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By Jo Causon, CEO, The Institute of Customer Service

There’s no doubt that 2019 has been a challenging year for many businesses, dominated by uncertainty over Brexit and a subdued economy. But what does 2020 hold? Will we turn a corner and experience a post-election bounce? What will be the keys to success? Here are my predictions of eight key trends for 2020 from a service perspective.

The global opportunity for services will come sharply into focus

Services are key to our economy “both at home and around the world. ONS figures show that exports of services were worth £162bn in 2017, up 14% from the previous year. As we hopefully get more clarity on Brexit next year, there will be a great opportunity for businesses to leverage our trading relationships not just with Europe but globally. We need to maximise the value of the UK brand and our reputation as a centre for service excellence. There will be opportunities for those businesses that can harness this and drive a service agenda.

Uncertainty about the economy will continue

Regardless of the election outcome, it will take time for the economy to shift up a gear. No one should be expecting an overnight transformation. That means it will be important for organisations to hold their nerve and stay focused on their long-term agendas. There is a risk that some will chase revenue growth and neglect standards of service across the customer experience. But it is the businesses that remember long-terms success is underpinned by staying true to the service agenda who will prosper most.

There will be a renewed focus on organisational culture

Given the first two points, it will be more important than ever to develop a genuinely service-orientated culture across the organisation that encompasses leadership, employees and the customer. High performing organisations don’t see customer service as a set of transactions or one department, but as a way of doing business that is fundamental to their purpose and values.

Recruitment will become more challenging and more important

I wrote a blog a couple of months ago about the challenges organisations are facing to recruit the right people. This will continue and probably intensify during 2020. Only just over half of current recruitment is successful. Better collaboration between HR and operational teams will be essential, along with a range of recruitment strategies across channels, and more effective onboarding to successfully bed new joiners in.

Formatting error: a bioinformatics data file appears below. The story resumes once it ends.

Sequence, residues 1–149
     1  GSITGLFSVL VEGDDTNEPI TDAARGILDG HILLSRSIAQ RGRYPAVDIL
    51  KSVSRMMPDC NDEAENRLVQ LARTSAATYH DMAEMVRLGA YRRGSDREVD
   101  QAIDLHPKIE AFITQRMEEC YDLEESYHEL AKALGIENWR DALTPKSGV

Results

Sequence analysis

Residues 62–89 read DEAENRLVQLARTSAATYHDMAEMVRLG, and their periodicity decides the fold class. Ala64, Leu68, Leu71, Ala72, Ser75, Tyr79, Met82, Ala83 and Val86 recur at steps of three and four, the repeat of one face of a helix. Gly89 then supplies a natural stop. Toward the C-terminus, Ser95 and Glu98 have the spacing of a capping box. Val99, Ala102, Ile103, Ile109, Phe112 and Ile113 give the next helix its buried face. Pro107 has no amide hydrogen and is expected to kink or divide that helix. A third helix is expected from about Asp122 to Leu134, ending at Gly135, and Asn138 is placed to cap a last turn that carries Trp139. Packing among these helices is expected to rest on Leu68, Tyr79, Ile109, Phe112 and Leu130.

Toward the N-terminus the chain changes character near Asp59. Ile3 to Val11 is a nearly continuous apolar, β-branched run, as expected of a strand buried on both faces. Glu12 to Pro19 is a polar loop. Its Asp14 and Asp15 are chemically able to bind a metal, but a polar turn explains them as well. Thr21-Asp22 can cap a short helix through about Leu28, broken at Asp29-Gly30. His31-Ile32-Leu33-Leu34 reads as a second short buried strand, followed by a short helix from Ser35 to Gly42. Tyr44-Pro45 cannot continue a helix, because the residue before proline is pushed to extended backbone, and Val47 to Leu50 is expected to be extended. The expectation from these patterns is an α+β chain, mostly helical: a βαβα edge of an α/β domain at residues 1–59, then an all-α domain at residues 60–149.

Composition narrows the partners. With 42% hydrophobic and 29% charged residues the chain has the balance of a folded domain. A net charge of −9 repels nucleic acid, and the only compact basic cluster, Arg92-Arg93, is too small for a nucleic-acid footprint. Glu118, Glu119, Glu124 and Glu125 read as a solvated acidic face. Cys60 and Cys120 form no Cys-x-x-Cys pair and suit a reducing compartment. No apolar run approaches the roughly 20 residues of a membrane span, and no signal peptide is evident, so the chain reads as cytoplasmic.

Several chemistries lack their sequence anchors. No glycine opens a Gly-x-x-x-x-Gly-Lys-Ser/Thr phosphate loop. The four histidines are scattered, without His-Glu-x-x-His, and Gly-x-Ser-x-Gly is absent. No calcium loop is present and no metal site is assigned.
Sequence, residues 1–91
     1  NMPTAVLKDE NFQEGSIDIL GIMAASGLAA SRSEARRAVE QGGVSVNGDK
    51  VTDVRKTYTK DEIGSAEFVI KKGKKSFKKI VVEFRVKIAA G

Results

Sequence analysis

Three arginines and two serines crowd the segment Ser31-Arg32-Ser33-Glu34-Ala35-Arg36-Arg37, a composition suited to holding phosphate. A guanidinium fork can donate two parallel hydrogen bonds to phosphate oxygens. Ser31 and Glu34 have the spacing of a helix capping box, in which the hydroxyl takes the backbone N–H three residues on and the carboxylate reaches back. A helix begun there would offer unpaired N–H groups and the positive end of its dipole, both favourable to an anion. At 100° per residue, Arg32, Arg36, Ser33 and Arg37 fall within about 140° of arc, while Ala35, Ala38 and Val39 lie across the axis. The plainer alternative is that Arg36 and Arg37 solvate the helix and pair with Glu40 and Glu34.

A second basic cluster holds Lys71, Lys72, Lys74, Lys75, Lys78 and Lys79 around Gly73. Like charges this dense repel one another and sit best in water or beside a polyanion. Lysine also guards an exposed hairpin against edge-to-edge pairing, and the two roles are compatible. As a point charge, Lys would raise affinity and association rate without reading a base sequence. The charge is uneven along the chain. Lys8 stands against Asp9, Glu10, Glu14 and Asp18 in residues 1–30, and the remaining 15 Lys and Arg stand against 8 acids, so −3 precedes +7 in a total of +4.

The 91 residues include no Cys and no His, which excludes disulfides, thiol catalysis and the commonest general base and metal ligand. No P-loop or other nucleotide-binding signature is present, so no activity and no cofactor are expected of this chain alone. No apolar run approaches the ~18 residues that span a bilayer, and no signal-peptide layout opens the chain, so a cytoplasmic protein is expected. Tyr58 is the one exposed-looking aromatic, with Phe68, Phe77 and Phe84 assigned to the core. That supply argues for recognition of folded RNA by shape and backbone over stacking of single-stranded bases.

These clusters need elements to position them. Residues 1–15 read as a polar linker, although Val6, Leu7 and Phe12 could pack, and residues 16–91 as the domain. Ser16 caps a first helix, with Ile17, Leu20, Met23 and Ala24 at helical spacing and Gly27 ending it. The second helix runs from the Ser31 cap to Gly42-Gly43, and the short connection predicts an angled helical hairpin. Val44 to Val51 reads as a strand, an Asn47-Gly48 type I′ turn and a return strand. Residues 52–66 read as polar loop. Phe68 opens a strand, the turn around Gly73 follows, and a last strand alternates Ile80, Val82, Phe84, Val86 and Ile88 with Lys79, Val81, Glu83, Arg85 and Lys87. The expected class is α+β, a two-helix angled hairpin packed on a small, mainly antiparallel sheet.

Sustainability will continue to rise up the agenda

It’s something that matters more and more to customers and stakeholders. No business can ignore it. Whether it’s the use of plastics and other materials, overall carbon footprint or ethical reputation, the sustainability agenda has become something organisations are increasingly judged on. At The Institute, we will be conducting some research on the impact of sustainability next year. Increasingly, organisations will be expected not just to ‘do the right thing’ but to be active participants in finding sustainable solutions.

Greater transparency over service performance will be required across regulated sectors

I believe we will see a continuation of the trend of regulators paying close attention to customer and service performance alongside financial performance data. There will be a greater emphasis on benchmarking customer satisfaction performance “creating an opportunity for those businesses who can take the lead and get on the front foot.

Transparency will be expected across supply chains

As an extension of consumers’ focus on sustainability and regulators’ focus on service, organisations will also be expected to show that they are embracing the right standards across their supply chains. Are their suppliers ethical and sustainable too? Businesses will need to be transparent about every aspect of their operations and take accountability for anything that happens in their name.

The changing nature of work will remain a key evolving issue

As the use of automation and AI only increases, getting the balance right between technology and human beings will continue to be a crucial challenge for every employer. But there are other issues that need to be brought into balance as well, such as ensuring that flexible working works for all parties including the organisation, customers and employees; that line managers are equipped to have honest conversations to address underperformance where needed; and that there is a heightened focus on employee resilience and mental wellbeing. It will be about navigating the right line that both gives support to employees and bolsters organisational performance.

Overall, just as 2019 has been challenging for most businesses, I expect 2020 will be a tough year too. Problems and uncertainties won’t simply melt away.

However, there will be real opportunities for the organisations that stay true to the service agenda. The ones that are bold and brave enough to resist a short-term approach are the most likely to be rewarded.

Jo joined The Institute as its CEO in 2009. She has driven membership growth by 150 percent and established the UK Customer Satisfaction Index as the country’s premier indicator of consumer satisfaction, providing organisations with an indicator of the return on their service strategy investment.

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